Man 'assaults' security robot

FOX News

A man attacked a 300-pound security robot in Mountain View, California, according to local police. A man in the Silicon Valley town has been arrested after allegedly attacking a Knightscope K5 security robot. He claimed he was trying to "test" the robot. "When we arrived, we met with Sylvain, and as we were speaking with him, he appeared confused, had red, glassy eyes and a strong odor of alcohol emitted from him," a spokeswoman for the Mountain View police department told CNET. Sylvain has been charged with being drunk in public and a Knightscope employee requested his arrest for prowling.


Man vs. Machine: Robot Calls Police After Being Attacked By Drunk Man

International Business Times

A drunk man reportedly ran into an armless K5 robot in the Knightscope parking lot in Mountain View, California and met his match. The April incident occurred after 41-year-old Jason Sylvain tipped over the 300-pound robot. Unfortunately, when the roving security robot found itself off-balance, the K5 called the police and signaled for help. The company spokesman Stacy Dean Stephens said that members of the robot company Knightscope -- which developed the robot that appears similar to the iconic Star Wars Droid R2D2 -- came out and detained Sylvain as the police came. Robo-Cops Are Now A Reality! Silicon Valley Gets KnightScope K5 Patrolling Robot… https://t.co/BiytOrxpPU


Knightscope security robot goes viral after fountain fall

Daily Mail - Science & tech

Alas, it seems we've got a few more years before the robots take over. A security robot created by the company Knightscope was patrolling an office complex in Washington D.C. when it rolled into a fountain and met its untimely demise on Monday. The incident went viral on Twitter after Bilal Farooqui, an employee at the Washington Harbour complex, tweeted a photo of the 300-pound android, writing: 'We were promised flying cars, instead we got suicidal robots.' A security robot created by the company Knightscope was patrolling an office complex in Washington D.C. when it rolled into a fountain and met its untimely demise The K5 robot, which measures about five-feet tall, is billed as an'autonomous presence' that is rented out to malls, office buildings, and parking lots to enforce order The K5 robot, which measures about five-feet tall, is rented out to malls, office buildings, and parking lots to enforce order with a built-in video camera, license plate recognition, and thermal imaging. Billed as an'autonomous presence' that can'guide [itself] through even the most complex environments', the robot spins around and whistles.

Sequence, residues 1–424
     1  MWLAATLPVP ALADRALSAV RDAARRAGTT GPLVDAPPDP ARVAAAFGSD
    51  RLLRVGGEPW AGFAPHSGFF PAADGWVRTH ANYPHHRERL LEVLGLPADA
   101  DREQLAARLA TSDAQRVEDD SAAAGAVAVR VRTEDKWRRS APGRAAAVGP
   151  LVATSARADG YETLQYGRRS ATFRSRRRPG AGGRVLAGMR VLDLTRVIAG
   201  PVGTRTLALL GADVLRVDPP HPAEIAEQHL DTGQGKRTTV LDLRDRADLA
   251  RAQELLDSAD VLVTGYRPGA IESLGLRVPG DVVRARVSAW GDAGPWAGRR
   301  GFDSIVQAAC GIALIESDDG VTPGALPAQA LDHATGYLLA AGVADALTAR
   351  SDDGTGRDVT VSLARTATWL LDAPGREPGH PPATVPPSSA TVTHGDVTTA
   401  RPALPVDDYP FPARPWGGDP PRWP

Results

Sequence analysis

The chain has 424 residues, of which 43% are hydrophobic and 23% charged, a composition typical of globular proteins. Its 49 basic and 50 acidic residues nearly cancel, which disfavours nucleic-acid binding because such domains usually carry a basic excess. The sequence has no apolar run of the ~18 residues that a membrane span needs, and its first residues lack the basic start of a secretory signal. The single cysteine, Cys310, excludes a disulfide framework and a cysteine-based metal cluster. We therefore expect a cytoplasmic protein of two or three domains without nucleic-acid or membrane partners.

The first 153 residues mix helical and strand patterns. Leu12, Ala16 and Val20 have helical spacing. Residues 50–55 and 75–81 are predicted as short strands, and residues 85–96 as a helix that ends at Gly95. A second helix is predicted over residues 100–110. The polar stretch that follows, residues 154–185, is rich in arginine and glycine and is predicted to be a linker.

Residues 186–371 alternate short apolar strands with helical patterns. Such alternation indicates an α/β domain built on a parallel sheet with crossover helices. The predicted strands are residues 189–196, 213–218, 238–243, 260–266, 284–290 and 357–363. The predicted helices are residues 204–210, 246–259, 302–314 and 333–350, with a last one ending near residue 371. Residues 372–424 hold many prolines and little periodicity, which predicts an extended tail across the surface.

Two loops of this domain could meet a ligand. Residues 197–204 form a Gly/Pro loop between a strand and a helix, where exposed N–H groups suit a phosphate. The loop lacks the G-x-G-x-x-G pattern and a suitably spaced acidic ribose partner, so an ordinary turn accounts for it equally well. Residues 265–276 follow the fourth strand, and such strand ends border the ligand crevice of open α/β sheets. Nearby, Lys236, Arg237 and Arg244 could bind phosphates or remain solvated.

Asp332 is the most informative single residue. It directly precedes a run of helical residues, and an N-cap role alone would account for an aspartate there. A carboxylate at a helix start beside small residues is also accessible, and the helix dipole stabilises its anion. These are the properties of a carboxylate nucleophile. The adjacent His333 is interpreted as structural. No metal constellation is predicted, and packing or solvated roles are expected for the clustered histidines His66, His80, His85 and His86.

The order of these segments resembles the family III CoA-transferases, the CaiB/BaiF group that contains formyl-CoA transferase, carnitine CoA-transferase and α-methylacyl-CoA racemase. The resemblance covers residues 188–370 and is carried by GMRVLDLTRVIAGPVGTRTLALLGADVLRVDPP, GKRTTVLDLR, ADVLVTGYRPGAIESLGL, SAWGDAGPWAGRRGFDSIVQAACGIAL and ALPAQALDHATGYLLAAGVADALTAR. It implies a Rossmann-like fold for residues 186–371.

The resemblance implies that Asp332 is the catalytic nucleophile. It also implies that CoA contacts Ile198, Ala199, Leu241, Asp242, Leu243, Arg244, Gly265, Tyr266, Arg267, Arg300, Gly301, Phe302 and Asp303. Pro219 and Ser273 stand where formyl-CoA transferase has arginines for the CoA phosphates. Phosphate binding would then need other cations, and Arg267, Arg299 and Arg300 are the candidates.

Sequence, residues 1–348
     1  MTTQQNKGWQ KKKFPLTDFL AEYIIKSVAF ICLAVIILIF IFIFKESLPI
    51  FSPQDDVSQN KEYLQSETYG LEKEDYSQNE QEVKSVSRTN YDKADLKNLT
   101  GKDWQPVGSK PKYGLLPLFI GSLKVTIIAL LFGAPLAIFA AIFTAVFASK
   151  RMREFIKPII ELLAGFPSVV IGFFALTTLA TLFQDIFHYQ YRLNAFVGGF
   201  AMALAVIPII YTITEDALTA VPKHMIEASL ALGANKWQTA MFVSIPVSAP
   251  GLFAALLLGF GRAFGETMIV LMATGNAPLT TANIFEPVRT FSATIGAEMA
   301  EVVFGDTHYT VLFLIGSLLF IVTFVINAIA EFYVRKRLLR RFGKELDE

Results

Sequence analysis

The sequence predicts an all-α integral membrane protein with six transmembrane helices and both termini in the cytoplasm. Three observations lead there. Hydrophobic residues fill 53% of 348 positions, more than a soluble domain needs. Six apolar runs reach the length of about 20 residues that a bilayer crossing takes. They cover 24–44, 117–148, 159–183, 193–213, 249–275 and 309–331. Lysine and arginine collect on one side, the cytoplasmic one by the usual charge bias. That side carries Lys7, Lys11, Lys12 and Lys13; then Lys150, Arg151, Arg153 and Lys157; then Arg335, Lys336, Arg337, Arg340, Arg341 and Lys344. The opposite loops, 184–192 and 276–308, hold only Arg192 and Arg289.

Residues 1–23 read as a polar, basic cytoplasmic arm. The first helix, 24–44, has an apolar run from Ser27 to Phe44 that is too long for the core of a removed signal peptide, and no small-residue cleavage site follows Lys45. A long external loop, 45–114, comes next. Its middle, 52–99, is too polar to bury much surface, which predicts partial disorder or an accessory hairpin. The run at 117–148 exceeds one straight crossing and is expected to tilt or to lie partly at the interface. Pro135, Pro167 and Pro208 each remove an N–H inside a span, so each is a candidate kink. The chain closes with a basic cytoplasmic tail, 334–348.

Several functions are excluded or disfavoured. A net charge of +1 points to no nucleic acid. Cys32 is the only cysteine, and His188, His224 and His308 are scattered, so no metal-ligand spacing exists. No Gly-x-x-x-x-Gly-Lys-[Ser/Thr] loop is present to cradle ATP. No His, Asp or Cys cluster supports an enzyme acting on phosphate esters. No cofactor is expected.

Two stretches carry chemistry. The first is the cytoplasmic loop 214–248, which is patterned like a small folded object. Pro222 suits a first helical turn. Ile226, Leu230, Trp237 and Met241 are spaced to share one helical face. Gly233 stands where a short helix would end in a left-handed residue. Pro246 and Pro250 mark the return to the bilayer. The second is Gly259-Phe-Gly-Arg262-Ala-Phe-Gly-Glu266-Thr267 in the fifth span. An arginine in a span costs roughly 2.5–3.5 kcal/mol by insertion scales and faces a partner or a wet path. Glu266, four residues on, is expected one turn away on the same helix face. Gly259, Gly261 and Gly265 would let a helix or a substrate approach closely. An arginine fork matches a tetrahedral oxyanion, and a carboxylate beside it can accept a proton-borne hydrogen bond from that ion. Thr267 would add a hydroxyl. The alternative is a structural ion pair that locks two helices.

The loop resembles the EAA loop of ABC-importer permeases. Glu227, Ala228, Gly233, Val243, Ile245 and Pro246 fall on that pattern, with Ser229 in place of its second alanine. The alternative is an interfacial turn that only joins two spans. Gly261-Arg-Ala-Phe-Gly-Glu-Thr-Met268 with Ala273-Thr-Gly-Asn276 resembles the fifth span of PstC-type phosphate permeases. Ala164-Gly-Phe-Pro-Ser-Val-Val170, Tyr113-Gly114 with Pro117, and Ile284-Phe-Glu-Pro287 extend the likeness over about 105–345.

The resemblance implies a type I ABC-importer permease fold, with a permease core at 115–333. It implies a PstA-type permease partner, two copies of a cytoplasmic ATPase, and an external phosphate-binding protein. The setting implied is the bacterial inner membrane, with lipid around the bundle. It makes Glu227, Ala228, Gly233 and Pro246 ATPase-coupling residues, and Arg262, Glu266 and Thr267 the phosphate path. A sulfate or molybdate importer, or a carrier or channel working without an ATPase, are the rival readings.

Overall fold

Drunken man 'attacks armless security robot in California'

Daily Mail - Science & tech

If the machines are truly going to take over the Earth, they have a ways to go. That's what cops in the Mountain View area of Silicon Valley learned on April 19 when they arrested an apparently drunk man for kicking over a limbless security robot. Jason Sylvain, 41, stands accused of being a robocidal maniac after assaulting the conical droid as it patrolled a parking lot, according to NBC Bay Area. Robo cop: The robots are five feet tall, weigh 300lbs, and can recognize known shoplifters and photograph car license plates. Sylvain jumped the K5-model robot outside the offices of its manufacturers, Knightscope, near the corner of Terra Bella and Linda Vista Avenue, police said.


Man attacks robot and humanity will probably pay for it one day

Mashable

After so many years of peaceful co-existence with our robot friends, why attack one and thus bring inevitable doom to all humans? We may never know the answer to that, as a man who assaulted a security robot in Mountain View, California, at a parking lot of a company called Knightscope, was apparently quite drunk. According to Cnet, which spoke to the local police and Knightscope (which, incidentally makes security robots), 41-year-old Jason Sylvain knocked over the giant-egg-shaped K5 security robot last Thursday, after which Knightscope personnel called the police and detained him until they arrived. The police soon came and determined that Sylvain "appeared confused" and was likely drunk. The immediate aftermath of the incident was innocuous: The robot only suffered a few scratches, and is back on patrol, while Sylvain, besides being reported for prowling, is charged for public drunkenness.